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Job29Man
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Re: Your suggestions for pre-engagement counseling

Postby Job29Man » Sat Dec 30, 2017 6:06 pm

What I'm kind of hoping people can suggest is materials that help to reveal the true nature, the good, bad, and ugly of each person to the other. Sarah and I had worked together in ministry for two years and took college courses together and did several intense science experiments together and wrote several papers together and took joint grades. Stress, co-writing, it reveals a lot. :lol:

Maybe I should have couples write a term paper together? :D
Wanting to become like Job, as described in the Bible, the book of Job chapter 29. Hence the screen name.

doug-h
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Re: Your suggestions for pre-engagement counseling

Postby doug-h » Sat Dec 30, 2017 6:24 pm

Job29Man wrote:
Maybe I should have couples write a term paper together? :D


Actually, if you could figure out how to implement that idea, and come up with the right assignment material, it could be quite beneficial. It might not be predictive, but may well reveal areas that need further examination.

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The Twit
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Re: Your suggestions for pre-engagement counseling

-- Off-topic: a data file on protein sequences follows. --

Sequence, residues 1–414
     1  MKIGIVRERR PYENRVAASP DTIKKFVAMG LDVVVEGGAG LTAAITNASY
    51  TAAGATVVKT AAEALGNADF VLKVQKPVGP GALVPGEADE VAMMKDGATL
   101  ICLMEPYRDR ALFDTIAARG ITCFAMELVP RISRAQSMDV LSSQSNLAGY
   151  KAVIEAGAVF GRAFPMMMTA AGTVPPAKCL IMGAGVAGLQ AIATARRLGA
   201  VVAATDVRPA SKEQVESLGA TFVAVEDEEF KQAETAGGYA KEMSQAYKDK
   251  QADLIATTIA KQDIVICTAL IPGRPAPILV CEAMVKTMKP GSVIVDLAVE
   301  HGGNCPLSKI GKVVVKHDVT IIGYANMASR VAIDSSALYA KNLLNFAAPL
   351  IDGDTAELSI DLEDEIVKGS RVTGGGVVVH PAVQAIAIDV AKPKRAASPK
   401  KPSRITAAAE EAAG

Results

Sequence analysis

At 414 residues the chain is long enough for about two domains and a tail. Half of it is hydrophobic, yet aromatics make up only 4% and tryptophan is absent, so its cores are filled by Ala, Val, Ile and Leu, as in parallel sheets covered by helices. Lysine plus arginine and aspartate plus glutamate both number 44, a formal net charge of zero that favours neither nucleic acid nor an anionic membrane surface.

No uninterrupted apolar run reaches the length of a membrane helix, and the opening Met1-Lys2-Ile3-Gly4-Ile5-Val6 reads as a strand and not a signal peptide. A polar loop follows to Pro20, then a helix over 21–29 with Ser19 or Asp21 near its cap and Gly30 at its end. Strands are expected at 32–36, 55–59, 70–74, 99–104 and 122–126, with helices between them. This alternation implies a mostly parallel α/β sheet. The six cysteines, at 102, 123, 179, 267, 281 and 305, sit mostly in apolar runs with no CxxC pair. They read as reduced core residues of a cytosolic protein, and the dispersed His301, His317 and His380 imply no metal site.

Postby The Twit » Sat Dec 30, 2017 9:05 pm

Job29Man wrote:Maybe I should have couples write a term paper together? :D

We used the Getting Ready for Marriage workbook.

We almost did write a term paper on ourselves and what we knew of each other. Also in The Art of Marriage seminar couples are to write letters to each other and write several short statements. So yes, if a couple is really serious of marriage they better be willing to write some sort of paper bases on several topics. Also they should be willing for a thorough check of each other's character. But the key is asking and honestly answering if any red card is shown then the couple is willing to stop and evaluate at anytime even up to the day of the wedding.

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Re: Your suggestions for pre-engagement counseling

Postby neilethere » Sat Dec 30, 2017 9:12 pm

But in addition, Job, you are actually looking for people to live a more considered life, aren't you, thinking about what they want before they even head down the marriage path. You actually want to change Western culture as it is at the moment - or at least where it overlaps the Church because I assume you are talking about Christian marriage.